There are tons of reasons why people want to lose weight, get healthy, quit sugar, etc. If I asked you, I bet there are a few reasons you could think of right off the bat. Maybe you want to get in shape to sport a little black bikini this summer. Perhaps you have a vacation coming up, and you don’t want to look puffy and bloated in your pictures. Or maybe, there is a section of your wardrobe you have just been dying to fit into.

Well I’m here to tell you that that’s not good enough.

It may sound a little bit harsh, but I can ensure you that while all of those reasons may be true, it’s not what is really going to motivate you to succeed. Sure, they are great benefits, but those reasons typically are not enough to power you through to make lasting changes.

What is going to empower you to live a healthy, vibrant life, is finding your “why.”Untitled design

As a health coach, I am trained to help you uncover your why. But, here, I will use myself as an example. This is what I learned myself on the first week of my 90 day program.

When my fellow health coach student asked me what I wanted to accomplish in these 90 days, my first thoughts went immediately to toning up and maybe shedding a few of those extra pounds (which I didn’t really want to admit to anyone). When she asked me why, I answered simply, “So I can look and feel better.”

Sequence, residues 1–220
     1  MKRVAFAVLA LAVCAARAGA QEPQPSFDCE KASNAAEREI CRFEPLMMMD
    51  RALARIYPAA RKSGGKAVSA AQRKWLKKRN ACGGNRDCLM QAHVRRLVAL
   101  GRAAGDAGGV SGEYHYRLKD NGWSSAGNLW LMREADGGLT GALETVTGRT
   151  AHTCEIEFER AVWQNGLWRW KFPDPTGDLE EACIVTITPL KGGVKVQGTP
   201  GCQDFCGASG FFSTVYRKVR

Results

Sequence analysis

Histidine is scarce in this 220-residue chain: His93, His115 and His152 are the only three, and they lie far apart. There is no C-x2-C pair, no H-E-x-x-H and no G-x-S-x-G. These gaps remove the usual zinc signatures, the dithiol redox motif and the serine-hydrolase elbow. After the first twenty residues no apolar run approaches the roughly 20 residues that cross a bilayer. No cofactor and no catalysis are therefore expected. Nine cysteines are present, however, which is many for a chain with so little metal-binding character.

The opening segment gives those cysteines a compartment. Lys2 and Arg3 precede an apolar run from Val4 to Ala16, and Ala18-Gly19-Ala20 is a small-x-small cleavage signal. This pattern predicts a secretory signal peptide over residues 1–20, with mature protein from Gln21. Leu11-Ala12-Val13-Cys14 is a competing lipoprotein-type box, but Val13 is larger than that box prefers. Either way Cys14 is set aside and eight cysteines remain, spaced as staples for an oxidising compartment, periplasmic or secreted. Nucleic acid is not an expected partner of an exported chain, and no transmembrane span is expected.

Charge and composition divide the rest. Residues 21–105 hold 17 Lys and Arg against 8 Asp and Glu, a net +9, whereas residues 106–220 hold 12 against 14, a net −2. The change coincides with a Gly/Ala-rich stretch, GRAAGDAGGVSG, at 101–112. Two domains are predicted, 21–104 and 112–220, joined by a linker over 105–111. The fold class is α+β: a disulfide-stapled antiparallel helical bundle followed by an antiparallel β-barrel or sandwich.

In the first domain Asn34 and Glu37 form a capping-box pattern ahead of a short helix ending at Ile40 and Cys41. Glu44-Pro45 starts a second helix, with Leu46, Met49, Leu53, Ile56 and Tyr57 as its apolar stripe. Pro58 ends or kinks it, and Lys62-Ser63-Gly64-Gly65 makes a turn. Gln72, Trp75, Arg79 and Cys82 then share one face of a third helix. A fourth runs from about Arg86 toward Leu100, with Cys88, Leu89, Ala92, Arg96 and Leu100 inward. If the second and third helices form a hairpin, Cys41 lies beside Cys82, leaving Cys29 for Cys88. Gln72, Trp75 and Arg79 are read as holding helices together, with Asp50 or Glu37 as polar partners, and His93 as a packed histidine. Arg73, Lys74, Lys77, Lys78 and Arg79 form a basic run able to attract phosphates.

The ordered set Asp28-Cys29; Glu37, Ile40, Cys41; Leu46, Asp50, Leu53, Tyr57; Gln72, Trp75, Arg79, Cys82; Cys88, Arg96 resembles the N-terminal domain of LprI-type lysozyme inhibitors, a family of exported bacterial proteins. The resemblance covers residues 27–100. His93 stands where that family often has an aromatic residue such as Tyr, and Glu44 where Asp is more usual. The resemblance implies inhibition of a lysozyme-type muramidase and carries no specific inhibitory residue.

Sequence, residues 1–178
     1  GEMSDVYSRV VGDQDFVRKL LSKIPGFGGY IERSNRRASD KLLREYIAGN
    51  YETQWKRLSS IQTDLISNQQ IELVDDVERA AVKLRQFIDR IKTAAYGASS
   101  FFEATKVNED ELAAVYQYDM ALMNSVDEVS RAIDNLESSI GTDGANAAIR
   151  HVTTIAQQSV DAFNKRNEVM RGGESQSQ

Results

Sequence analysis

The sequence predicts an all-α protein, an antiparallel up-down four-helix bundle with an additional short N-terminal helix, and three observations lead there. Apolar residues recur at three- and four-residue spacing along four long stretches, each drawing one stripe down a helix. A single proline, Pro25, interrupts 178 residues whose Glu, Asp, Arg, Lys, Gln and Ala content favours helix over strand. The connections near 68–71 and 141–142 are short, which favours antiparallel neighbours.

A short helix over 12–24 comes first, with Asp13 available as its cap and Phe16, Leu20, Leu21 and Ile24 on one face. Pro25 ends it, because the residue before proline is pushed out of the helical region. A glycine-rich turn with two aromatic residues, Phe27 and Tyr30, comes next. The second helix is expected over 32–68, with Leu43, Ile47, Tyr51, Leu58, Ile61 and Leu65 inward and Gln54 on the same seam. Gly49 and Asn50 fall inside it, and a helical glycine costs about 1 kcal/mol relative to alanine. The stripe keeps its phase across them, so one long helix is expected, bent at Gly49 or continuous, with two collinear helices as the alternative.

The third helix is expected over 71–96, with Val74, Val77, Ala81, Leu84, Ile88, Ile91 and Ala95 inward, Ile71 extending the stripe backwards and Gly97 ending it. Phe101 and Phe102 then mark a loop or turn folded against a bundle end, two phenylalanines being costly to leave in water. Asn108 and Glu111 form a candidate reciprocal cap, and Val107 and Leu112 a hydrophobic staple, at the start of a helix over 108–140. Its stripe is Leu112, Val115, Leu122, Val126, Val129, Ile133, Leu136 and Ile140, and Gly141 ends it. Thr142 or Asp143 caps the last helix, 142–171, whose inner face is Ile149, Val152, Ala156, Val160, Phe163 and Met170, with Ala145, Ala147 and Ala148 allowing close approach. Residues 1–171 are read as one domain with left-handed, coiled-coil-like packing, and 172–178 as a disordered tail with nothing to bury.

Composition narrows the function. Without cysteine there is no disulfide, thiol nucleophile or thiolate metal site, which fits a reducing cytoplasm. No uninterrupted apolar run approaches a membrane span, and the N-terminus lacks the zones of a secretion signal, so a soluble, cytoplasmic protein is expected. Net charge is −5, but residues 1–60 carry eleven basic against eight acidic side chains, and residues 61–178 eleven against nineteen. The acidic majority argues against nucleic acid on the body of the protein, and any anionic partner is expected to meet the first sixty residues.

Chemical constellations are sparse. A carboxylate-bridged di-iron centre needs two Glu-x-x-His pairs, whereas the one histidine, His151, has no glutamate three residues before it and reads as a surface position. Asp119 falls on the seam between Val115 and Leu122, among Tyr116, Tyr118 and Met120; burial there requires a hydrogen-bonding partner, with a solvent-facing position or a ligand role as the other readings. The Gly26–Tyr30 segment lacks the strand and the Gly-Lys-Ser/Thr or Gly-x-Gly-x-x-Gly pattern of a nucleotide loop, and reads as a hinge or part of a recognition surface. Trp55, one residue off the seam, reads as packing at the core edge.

Fast forward 30 minutes, and I am on the verge of tears. For years, I have struggled with body image issues; I would look in the mirror and see nothing but my stomach and hips that sometimes spilled over my jeans, or the puffiness in my face, or the cellulite on my thighs. One breakdown would lead to the next, and I was either stuffing my face with a f*** it all attitude, or I was restricting to 800 calories a day while trying to up the exercise. This conversation allowed me to realize how much I was at war with myself, fighting between what is “good” and “bad,” and making my self worth about what I ate (or didn’t eat).

I realized that all I really wanted was to be at peace with my body.

Finding this peace and acceptance will calm my inner turmoil. When I am at ease, I can focus on being a better friend and wife. I can focus on how to make other people happy because it lifts my spirits, and I can enjoy every beautiful thing this life has to offer. I can appreciate all the little, unique things that make up who I am, and I can love myself wholly. I can eat for energy, and I can relax and enjoy the special occasions that often center themselves around food.

I am doing this to finally be able to look in the mirror, and not let it determine my self worth.



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